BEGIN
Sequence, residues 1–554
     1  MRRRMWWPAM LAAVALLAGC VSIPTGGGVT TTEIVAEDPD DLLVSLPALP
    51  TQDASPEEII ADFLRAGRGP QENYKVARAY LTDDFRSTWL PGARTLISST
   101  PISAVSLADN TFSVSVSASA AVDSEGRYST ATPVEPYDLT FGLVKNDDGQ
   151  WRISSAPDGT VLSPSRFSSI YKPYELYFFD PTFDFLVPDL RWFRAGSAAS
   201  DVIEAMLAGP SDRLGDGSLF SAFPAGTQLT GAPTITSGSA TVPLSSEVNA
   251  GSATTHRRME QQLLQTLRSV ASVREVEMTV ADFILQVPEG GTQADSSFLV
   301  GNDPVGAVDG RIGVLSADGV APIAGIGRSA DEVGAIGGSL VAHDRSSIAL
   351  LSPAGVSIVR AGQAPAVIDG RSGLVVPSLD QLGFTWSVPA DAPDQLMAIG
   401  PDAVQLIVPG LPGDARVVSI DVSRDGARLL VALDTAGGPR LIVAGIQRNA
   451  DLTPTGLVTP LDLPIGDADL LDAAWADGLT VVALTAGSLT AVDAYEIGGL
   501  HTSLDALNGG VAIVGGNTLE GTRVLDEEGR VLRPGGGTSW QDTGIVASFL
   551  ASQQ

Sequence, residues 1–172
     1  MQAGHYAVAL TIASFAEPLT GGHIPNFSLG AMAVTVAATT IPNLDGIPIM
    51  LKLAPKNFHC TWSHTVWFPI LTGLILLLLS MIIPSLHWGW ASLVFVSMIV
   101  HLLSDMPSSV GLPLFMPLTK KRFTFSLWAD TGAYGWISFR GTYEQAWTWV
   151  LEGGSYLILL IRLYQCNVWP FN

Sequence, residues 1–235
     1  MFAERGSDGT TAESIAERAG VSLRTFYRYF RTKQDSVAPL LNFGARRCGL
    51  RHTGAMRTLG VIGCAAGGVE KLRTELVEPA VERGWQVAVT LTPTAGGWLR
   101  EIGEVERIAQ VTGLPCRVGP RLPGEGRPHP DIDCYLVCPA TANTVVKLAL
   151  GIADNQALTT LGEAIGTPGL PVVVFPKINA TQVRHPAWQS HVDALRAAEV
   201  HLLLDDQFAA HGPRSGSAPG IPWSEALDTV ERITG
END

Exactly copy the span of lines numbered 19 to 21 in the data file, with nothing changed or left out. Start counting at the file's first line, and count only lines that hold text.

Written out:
Sequence, residues 1–235
     1  MFAERGSDGT TAESIAERAG VSLRTFYRYF RTKQDSVAPL LNFGARRCGL
    51  RHTGAMRTLG VIGCAAGGVE KLRTELVEPA VERGWQVAVT LTPTAGGWLR